Rewind four and a half years, if someone had asked me to list down ways to stop gambling it would’ve looked something like this:
- Stay away from betting establishments
- Cross the road if I need to
- Even change my usual route to prevent passing them
- Ban myself from bookies and casinos
- Ban myself online and from apps
- Hate and rebel against the industry
- Don’t associate with other gamblers
- Turn the channel when there’s a betting advert
- Skip the racing pages
- Don’t watch football or any sport I can bet on
- Hand over my finances to another
- Don’t take cash out
- Leave my money at home
- Cut up my cards
- Gamble all my money and be quick about it
- Consolidate my debts in to one loan
- Swear on the lives of my loved ones
- Make genuine promises to myself
- Get caught out
- Find some hobbies
- Get some counselling
- Think of the consequences
- Use my willpower
- Lock myself in my room (didn’t try that one!)
- End my life?
My experience is… Bar the last two, I have tried every one and probably many more, but all have failed 100%. They seem like fairly obvious answers? They appear sane and logical ideas. Like 1+1=2. It’s the kind of understandable list of suggestions a non-addict might come up with.
Maybe these suggestions would work for a ‘normal gambler’, but not for me. What worked for me is not so obvious. I would never have come up with the answer, not in a million years. It wasn’t a 1+1=2 type of solution, it was some weird and wonderful algorithm that even now could appear to some as less logical as the suggestions listed above. The importance lies in the fact it works. The answer that worked for me? A daily reprieve based on my Spiritual Health. And this was the solution that led me there:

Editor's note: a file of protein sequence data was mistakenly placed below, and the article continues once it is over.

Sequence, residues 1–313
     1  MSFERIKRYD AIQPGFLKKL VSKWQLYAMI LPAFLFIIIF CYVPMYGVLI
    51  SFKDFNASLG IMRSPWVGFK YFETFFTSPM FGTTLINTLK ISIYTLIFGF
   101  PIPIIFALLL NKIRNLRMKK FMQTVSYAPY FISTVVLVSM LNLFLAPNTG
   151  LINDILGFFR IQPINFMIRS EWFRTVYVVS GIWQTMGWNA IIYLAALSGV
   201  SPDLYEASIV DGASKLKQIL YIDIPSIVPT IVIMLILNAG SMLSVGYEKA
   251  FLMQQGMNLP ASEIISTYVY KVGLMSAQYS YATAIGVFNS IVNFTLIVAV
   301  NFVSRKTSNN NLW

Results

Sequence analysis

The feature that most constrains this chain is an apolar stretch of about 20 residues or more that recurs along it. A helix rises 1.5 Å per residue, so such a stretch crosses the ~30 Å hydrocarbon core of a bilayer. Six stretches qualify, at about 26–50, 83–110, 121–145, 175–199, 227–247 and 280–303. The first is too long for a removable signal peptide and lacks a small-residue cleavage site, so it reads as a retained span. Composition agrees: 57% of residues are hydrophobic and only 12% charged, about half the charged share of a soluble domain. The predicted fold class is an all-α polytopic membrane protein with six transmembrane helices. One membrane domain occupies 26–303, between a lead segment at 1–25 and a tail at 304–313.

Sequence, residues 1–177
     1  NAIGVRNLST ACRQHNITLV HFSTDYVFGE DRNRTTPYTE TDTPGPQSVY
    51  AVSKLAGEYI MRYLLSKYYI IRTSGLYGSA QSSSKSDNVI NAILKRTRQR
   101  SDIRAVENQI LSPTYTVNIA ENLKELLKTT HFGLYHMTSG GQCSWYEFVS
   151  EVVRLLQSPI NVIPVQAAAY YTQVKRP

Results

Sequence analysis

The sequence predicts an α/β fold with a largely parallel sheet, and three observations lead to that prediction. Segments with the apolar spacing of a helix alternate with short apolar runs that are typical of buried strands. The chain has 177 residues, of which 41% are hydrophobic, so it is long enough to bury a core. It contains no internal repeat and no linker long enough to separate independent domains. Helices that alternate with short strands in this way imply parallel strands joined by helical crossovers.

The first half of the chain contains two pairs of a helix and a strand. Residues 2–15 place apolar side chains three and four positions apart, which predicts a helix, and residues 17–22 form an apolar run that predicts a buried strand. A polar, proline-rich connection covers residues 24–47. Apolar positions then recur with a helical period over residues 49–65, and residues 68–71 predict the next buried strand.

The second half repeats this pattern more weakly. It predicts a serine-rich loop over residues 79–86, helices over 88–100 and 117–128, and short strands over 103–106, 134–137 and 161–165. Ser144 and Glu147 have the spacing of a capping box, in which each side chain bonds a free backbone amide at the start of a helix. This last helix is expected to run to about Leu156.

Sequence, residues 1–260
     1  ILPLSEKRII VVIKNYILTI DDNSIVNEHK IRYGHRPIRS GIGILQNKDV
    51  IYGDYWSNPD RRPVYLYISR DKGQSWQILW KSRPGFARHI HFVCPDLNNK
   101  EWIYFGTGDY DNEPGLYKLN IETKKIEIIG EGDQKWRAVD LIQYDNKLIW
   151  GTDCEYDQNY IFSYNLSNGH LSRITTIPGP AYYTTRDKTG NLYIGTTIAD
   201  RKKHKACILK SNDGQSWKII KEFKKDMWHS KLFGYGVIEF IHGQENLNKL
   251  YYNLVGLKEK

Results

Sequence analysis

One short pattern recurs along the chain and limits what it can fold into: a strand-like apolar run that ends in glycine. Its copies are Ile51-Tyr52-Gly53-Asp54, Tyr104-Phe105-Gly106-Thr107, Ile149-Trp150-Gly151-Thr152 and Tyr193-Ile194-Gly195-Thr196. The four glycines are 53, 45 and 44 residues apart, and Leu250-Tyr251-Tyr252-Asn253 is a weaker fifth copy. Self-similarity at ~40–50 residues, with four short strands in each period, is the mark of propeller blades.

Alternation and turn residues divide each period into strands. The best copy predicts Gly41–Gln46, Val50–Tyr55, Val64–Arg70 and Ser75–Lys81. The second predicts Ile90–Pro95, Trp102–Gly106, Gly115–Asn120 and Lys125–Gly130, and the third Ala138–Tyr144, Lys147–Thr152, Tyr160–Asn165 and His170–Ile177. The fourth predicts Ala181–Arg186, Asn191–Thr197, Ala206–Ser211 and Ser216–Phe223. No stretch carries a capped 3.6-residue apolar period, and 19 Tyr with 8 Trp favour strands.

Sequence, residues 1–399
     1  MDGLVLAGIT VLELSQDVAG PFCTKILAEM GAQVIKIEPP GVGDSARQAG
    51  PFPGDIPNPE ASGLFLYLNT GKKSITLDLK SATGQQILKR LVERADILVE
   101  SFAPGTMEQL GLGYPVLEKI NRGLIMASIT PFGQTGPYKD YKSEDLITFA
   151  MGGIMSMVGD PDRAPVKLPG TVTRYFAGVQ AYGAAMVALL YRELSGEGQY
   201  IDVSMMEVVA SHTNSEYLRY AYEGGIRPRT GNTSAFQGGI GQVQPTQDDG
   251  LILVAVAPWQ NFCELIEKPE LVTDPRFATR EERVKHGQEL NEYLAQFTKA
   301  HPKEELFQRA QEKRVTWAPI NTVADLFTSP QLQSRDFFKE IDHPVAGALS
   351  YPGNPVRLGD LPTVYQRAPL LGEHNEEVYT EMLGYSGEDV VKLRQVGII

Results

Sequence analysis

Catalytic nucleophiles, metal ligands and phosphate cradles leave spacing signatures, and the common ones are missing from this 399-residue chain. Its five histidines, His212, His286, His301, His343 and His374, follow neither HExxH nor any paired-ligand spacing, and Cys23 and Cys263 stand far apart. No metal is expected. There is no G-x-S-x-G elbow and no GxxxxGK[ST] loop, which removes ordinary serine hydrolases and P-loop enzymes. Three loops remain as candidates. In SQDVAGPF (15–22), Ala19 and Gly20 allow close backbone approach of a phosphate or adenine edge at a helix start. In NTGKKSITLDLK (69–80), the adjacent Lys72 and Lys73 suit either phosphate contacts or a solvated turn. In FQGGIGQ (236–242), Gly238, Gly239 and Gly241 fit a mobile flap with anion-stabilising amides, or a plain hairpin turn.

Attend meetings and (not or) do service at meetings
and (not or) connect with fellows outside of meetings
and (not or) get a sponsor
and (not or) do a list of daily suggestions
and (not or) admitted I was powerless over gambling, that my life had become unmanageable.
and (not or) came to believe that a power greater than myself could restore me to a normal way of thinking and living.
and (not or) made a decision to turn my will and my life over to the care of this Power of my own understanding.
and (not or) made a searching and fearless moral and financial inventory of myself.
and (not or) admitted to myself and to another human being the exact nature of my wrongs.
and (not or) was entirely ready to have these defects of character removed.
and (not or) humbly asked God (of my understanding) to remove my shortcomings.
and (not or) made a list of all persons I had harmed and became willing to make amends to them all.
and (not or) made direct amends to such people wherever possible, except when to do so would injure them or others.
and (not or) continued to take personal inventory and when I was wrong promptly admitted it.
and (not or) sought through prayer and meditation to improve my conscious contact with God (as I understand him) praying only for knowledge of His will for me and the power to carry that out.(not or) having made an effort to practise these principles in all my affairs, I tried to carry this message to other compulsive gamblers.
As you can see, there is zero mention of how to stop gambling, or how to control my gambling obsession. Yet as an indirect result that is exactly what has been given to me. And as a cheeky little bonus, the same solution has been the answer to much, much more. Thank God there was an answer already out there, being shared by others through the ages, others who had been through it themselves. All I had to be was honest, open-minded and willing to give it a try.